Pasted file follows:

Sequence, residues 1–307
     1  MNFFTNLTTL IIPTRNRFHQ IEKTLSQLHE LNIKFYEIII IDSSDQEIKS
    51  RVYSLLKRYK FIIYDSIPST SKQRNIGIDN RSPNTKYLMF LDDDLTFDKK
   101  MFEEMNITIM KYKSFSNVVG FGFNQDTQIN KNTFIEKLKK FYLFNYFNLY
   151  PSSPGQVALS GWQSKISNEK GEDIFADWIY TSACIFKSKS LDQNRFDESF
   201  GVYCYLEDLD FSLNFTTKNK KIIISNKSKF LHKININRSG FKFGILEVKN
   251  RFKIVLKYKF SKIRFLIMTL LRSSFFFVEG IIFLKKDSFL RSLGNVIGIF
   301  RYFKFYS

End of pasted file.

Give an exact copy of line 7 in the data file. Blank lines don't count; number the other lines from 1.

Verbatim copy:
   251  RFKIVLKYKF SKIRFLIMTL LRSSFFFVEG IIFLKKDSFL RSLGNVIGIF